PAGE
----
A couple of dozen items on my MyYahoo home page.

      Google.

    • in which case you should update the link to point to the wayback machine archive of the page.
    • You really have nailed my psyche & dilemna. :P

      Checking bookmarks for viability is already out there. Its called spidering.

      Oddly enough, those long gone sites are not really a problem. Out of my 3K bookmarks, I'd guess at least 95% are viable, and perhaps another 10% need to be relocated.

      No, I want to automate the organizing, and perhaps an alternate interface to quickly retrieve the link. Transferring the bookmarks into a relational database probably would really help. Save a bookmark, add a few
    • Re:Packratitis (Score:3, Insightful)

      by ciscoguy01 ( 635963 )
      The real way to solve your problem is with "delete."

      But since you probably don't want to do that, a function that checks bookmarks for viability would help you a lot. I bet a lot of those sites you saved are long gone


      You mean like there was in Netscape 4.77? Fantastic bookmark manager. Could search inline, check for dead links, etc. Firefox has nothing, IE is much worse.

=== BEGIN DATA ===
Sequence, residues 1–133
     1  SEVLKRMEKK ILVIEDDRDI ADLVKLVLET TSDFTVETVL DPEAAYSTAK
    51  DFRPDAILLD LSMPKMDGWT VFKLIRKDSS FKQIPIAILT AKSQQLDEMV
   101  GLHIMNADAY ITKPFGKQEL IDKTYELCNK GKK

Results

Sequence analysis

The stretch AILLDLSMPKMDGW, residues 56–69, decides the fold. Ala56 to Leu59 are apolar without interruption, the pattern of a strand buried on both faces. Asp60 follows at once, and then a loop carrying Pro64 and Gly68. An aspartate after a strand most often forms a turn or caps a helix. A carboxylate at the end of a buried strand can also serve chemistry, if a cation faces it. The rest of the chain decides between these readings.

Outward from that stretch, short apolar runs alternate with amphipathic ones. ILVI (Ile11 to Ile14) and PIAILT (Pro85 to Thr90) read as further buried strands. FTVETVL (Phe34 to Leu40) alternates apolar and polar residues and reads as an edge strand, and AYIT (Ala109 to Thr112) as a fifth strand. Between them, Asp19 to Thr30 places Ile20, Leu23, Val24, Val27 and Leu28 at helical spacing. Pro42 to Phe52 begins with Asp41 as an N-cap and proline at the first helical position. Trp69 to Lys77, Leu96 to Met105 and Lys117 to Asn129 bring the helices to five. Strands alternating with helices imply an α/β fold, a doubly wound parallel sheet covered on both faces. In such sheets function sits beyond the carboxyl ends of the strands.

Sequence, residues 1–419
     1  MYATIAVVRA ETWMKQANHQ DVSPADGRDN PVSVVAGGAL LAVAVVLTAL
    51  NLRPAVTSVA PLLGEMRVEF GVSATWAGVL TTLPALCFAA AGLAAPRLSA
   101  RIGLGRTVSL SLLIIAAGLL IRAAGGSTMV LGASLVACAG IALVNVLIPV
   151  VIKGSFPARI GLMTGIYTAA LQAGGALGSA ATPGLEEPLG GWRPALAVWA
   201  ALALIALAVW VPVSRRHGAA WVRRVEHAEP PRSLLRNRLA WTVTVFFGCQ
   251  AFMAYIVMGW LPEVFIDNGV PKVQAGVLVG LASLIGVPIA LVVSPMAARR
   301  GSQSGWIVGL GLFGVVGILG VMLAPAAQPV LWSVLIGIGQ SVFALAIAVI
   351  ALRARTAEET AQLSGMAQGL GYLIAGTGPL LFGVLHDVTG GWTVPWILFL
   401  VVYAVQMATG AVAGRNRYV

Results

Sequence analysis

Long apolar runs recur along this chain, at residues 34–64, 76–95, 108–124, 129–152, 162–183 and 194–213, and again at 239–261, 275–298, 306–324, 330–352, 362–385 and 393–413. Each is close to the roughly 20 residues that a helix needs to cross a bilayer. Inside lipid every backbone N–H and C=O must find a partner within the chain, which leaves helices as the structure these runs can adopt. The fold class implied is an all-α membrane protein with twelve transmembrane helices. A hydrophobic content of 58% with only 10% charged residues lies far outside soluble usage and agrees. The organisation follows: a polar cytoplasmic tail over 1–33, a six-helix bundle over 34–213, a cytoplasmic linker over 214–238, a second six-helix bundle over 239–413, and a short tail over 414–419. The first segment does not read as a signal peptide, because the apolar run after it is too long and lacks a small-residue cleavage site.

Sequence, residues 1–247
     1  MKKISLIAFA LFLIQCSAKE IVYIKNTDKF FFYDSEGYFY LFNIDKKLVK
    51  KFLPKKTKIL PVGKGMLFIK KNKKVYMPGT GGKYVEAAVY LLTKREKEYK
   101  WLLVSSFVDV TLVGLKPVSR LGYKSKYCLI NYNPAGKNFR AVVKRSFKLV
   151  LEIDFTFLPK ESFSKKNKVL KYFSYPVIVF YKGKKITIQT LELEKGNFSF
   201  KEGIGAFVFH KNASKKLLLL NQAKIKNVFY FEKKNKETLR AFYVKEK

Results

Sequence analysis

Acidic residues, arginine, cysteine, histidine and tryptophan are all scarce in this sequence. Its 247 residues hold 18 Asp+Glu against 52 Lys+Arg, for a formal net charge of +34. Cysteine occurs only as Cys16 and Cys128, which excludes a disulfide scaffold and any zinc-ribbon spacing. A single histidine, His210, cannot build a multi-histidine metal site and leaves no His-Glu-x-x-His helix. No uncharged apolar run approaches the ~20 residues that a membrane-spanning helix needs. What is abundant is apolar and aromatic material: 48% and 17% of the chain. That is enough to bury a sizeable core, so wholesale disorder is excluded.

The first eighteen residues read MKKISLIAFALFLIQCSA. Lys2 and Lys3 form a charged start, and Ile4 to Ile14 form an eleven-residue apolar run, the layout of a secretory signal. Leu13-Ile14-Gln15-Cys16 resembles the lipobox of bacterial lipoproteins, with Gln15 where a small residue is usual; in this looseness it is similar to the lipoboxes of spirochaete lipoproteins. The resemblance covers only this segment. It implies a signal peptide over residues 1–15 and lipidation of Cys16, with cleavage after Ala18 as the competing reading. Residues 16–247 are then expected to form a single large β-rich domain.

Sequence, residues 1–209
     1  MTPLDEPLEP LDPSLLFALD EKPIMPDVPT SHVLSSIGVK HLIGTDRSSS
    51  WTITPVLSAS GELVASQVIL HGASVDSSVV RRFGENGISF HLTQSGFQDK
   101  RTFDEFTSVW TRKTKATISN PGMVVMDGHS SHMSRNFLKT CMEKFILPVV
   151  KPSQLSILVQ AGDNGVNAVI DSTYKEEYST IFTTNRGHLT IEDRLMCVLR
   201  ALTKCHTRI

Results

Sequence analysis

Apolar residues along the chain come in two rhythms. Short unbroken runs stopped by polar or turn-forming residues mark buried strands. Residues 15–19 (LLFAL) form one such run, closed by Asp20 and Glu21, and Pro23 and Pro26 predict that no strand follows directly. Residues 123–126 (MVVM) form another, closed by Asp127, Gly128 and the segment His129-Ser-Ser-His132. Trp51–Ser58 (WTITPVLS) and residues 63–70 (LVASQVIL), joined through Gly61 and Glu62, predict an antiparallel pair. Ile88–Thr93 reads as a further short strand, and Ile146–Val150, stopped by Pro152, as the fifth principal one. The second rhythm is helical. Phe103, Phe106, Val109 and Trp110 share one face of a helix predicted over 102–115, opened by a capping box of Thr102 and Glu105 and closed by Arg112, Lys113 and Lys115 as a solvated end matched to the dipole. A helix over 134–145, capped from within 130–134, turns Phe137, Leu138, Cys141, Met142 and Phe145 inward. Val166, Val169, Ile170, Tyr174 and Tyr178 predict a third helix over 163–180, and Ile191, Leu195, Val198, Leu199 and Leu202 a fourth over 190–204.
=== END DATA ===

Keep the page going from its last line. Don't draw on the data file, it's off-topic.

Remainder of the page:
Having historical bookmarks are VERY USEFUL, I have had people IM me and say "what do you know about 'this'". They are invariab
    • Re:Packratitis (Score:5, Informative)

      by Twylite ( 234238 ) <twylite.crypt@co@za> on Tuesday April 19, 2005 @08:07AM (#12280155) Homepage

      I've suffered from the billion bookmarks problem too, and I believe "delete it" is sound advise.

      For some background, take a look at the book "Getting Things Done" by David Allen. You'll realise that having so many bookmarks doesn't assist you in any way. There are too many to be used for reference material, and too many to consult regularly.

      Instead, try to do the following:

      1. Have a list of "TO DO" bookmarks. Those sites you want to take a closer look at, articles you want to read, etc. When you have spare time, work over this list. Once handled the bookmark must be moved off this list.